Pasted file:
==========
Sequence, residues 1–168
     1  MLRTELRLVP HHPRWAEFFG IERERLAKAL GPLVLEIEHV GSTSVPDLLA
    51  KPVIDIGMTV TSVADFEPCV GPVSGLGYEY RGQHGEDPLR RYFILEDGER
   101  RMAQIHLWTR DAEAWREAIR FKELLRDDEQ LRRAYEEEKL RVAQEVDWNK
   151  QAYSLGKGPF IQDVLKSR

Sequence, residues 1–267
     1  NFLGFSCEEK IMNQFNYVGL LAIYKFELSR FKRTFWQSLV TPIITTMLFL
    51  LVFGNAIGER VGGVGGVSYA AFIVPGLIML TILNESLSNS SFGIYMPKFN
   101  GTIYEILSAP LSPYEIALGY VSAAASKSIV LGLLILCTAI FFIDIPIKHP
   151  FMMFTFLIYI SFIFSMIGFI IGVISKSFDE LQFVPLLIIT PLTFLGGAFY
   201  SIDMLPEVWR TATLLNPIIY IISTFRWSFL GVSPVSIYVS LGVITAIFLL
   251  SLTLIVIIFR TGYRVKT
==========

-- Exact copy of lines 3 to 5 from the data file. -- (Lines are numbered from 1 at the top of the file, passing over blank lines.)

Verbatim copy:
    51  KPVIDIGMTV TSVADFEPCV GPVSGLGYEY RGQHGEDPLR RYFILEDGER
   101  RMAQIHLWTR DAEAWREAIR FKELLRDDEQ LRRAYEEEKL RVAQEVDWNK
   151  QAYSLGKGPF IQDVLKSR